This Saturday marks the annual Historic Home Tour here in Park City. As a Realtor I have unfettered access to pretty much any house on the market. But the historic home tour is fantastic in that I get access to historic homes that are not for sale. Every year the Park City Museum arranges a selection of homes in a few block section of the Old Town historic district.
This year is the lower Woodside Ave and lower Park Ave tour. You purchase a ticket (early on the website or at the event), they give you a sticker to identify yourself with and a pamphlet of all the houses on the tour with their histories and old photos. The pamphlet by itself is worth the $20 (or $15 if you’re a museum member). Then you simply walk from house to house, spend as much time as you like ogling the doorknobs, perusing the historic documents and artifacts owners typically have displayed. A panel of people passionate about preservation.
(Alliteration for the win.)
Continue reading “Park City Historic Home Tour This Saturday”
Hello, My name is Kristina and I have a thing for historic buildings. Particularly historic buildings in the Wild West. So lucky for me, I sell real estate in an old silver town turned ski resort. Two years ago I toured 323 Park Ave, A CONVERTED SWEDISH LUTHERAN CHURCH OMG. And, it’s now for sale. If it lasts that long, it’ll be on Open House tour Wednesday, December 9, 2015, and you’d be crazy to miss it. So get ready. Imma lay down some sick history beats.
I saw this house during the Park City Museum’s Historic Home Tour. If you’re ever in Park City in June you have to attend this event.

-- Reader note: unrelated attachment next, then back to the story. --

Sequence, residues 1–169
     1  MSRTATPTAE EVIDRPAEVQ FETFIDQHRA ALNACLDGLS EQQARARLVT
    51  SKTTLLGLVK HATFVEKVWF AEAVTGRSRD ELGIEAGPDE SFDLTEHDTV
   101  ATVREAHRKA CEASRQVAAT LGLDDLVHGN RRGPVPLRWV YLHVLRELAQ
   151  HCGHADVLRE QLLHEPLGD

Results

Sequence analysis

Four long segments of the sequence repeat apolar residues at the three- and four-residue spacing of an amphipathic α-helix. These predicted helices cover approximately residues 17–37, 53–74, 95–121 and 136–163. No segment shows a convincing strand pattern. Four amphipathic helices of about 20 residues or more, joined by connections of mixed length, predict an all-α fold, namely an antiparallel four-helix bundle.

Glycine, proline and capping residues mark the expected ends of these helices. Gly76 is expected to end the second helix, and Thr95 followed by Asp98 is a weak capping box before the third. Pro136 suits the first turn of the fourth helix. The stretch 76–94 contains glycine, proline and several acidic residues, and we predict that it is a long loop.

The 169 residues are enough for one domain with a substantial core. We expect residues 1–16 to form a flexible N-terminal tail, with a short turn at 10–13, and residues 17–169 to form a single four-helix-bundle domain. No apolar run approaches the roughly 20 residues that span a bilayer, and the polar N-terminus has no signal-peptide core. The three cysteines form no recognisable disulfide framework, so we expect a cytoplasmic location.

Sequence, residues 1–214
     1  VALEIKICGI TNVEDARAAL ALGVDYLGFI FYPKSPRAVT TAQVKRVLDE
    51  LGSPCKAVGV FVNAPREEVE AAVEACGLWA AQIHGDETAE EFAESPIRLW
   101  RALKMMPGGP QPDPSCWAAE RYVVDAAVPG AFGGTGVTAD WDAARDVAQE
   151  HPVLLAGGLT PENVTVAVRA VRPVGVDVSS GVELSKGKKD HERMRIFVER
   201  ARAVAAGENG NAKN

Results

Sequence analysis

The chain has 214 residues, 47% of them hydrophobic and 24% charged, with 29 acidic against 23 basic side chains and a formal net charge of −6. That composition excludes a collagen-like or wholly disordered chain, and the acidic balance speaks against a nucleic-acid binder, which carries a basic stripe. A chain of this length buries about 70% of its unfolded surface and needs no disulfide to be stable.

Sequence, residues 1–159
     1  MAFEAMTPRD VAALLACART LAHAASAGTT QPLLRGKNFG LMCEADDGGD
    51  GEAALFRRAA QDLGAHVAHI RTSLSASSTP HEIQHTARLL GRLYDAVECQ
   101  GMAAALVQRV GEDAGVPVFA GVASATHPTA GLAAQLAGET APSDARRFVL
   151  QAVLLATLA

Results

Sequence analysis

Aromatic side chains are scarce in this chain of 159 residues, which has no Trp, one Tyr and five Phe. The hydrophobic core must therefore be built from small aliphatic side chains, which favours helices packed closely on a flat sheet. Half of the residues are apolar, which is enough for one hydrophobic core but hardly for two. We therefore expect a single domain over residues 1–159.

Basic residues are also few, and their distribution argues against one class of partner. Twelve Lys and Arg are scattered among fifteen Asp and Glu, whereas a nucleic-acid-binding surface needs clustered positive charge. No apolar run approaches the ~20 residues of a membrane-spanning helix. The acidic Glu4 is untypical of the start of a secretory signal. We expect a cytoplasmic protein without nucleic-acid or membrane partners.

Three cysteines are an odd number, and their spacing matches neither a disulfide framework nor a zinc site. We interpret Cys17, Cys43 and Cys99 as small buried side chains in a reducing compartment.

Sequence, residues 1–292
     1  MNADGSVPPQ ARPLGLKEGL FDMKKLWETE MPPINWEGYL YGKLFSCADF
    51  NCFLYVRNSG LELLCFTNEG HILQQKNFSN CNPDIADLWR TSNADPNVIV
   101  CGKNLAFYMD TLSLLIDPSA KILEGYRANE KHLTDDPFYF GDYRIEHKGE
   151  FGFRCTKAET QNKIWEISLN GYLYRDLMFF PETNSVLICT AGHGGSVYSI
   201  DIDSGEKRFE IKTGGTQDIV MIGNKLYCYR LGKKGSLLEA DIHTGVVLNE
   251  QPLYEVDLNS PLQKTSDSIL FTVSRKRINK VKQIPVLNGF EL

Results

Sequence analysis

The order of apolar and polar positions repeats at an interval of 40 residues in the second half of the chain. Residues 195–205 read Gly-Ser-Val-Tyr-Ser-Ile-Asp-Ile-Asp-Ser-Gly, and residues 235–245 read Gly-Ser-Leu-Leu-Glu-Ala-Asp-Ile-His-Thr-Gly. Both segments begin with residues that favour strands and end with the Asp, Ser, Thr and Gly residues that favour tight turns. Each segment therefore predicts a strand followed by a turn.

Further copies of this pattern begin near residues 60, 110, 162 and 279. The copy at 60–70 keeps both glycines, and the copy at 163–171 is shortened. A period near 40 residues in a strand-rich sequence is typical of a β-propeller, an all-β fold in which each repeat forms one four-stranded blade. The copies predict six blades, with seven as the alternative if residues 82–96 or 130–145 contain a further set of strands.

It’s just a few doors up from where I was living in Old Town and true to rumor, is a converted church and on the national historic registry and obviously the Historic Sites Inventory with Park City. An English-born butcher John William Bircumshaw (who also owned a saloon at 455 Main) deeded the land to St. John’s Swedish Lutheran Church in 1906. In 1907 the structure was built at a cost of $2,197 to serve the 31 local Lutherans (9 Swedes and 22 Finns, for those keeping score at home).
Continue reading “323 Park Ave: A Love Story”
As a Realtor, I have the inside line if you will on terrific properties. So when the opportunity arose to buy a one-owner 1955 home in Salt Lake City for a great price in a good neighborhood I jumped on it. But an older home will come with challenges. This is the price we pay for established trees, a piece of history, and a charming home. Nevertheless, this has been a great refresher course on what you should keep in mind when you buy an old house. Here are my top 5 tips you won’t find on TV.
1. There will be good surprises.
Original hardwood floor under the carpet. THIS IS THE HOLY GRAIL.
Continue reading “Kristina’s Top 5 Tips For Owning an Old House (that you won’t find on TV)”
First and foremost, houses do not ooze. Or at least, for the love of all that is holy, they shouldn’t. Secondly, if this house did ooze anything, it would be charm.
Stop saying “ooze.”
Anyways, a historic home that has been nicely remodeled is a rare thing. And with a soul as old and heart as tender as mine, it’s difficult to connect with a remodel where the exterior is old and gorgeous and the interior could be any new interior anywhere. Yes you can have better storage and taller countertops and new appliances. And you must re-do all of the plumbing and electricity in older homes for safety. I’m talking about design here. Old doorknobs. Solid panel doors. Beautifully unnecessary moulding around windows, doors, floors. CHAIR RAILS, PEOPLE!
Well, after seeing a rash of homes come on the market in neighboring Heber City that were built in the early 1900s but then destroyed with cheap remodels in the 1990s, this house was as pleasant as a fresh spring breeze. (Which we had day before yesterday and then last night it snowed 4 inches. So maybe forget that metaphor.)
BEHOLD. This is a great house.
Continue reading “Oozing with Charm: 188 E Center Street, Heber City”